Arctic vault a safe zone for seeds as crop diversity dwindles

Securing future food supply

Women work in a rice field in Nepal. GLF/Mokhamad Edliadi
13 February 2018

BONN, Germany (Landscape News) — Seeds and the genetic diversity they contain are the biological foundation of agriculture, underpinning global food supplies, said an expert speaking at the Global Landscapes Forum.

Protecting biodiversity enhances access to plant varieties that can strengthen the adaptation and resilience of food production systems, said Hannes Dempewolf, senior scientist at the Crop Trust, which focuses on the critical importance of biodiversity for global food security, climate change adaptation and mitigation efforts.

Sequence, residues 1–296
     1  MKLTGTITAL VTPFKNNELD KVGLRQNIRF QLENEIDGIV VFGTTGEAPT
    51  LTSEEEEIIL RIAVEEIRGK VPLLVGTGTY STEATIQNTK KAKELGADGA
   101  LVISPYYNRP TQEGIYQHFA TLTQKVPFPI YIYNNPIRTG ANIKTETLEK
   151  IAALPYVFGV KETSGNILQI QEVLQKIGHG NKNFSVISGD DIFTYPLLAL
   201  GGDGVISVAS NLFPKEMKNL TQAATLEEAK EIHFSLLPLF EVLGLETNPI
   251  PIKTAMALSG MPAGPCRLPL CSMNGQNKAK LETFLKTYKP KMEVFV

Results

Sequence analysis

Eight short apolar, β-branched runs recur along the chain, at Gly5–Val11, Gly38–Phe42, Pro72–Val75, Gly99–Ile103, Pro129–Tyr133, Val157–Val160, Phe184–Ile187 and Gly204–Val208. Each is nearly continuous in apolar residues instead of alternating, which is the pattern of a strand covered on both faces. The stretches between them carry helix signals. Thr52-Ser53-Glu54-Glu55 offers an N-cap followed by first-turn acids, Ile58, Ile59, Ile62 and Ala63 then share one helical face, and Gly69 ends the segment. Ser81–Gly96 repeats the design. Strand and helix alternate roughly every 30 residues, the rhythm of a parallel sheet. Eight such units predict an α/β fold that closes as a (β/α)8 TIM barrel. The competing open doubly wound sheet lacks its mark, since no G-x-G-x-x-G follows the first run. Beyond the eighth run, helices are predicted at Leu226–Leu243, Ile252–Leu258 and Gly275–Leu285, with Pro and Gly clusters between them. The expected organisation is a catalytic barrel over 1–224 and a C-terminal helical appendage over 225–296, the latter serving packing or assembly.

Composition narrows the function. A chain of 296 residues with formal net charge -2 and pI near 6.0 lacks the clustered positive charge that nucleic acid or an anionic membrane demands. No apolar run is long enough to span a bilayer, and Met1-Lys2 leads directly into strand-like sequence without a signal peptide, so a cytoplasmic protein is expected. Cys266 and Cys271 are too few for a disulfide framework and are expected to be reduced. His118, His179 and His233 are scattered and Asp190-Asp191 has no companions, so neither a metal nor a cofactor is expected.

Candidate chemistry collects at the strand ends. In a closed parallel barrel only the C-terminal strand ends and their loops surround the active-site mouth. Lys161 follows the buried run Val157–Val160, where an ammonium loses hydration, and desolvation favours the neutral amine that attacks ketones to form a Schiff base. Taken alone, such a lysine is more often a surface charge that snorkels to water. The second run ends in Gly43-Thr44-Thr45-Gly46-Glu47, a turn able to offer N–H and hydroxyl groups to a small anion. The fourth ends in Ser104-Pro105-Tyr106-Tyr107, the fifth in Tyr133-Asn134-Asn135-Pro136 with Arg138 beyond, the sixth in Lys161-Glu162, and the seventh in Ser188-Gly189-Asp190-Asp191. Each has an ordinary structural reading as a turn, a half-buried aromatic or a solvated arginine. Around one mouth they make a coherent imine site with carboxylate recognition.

These efforts also secure the genetic material that crop scientists use to breed climate-resilient crops – for example, varieties that can tolerate the higher temperatures and increasing water scarcity that climate change is projected to bring to many regions.

In turn, advanced crop breeding can also mitigate climate change by reducing the inputs that plants require, and creating carbon sinks – as in the case of perennial crops.

Unfortunately, biodiversity is being lost at an extremely rapid rate, Dempewolf said.

In China, for example, 90 percent of rice varieties have been lost since 1950. In response, a global conservation system of international gene banks has been built, with a protective facility in the Norwegian Arctic – the Svalbard Seed Vault – where seeds are duplicated for long-term survival.             

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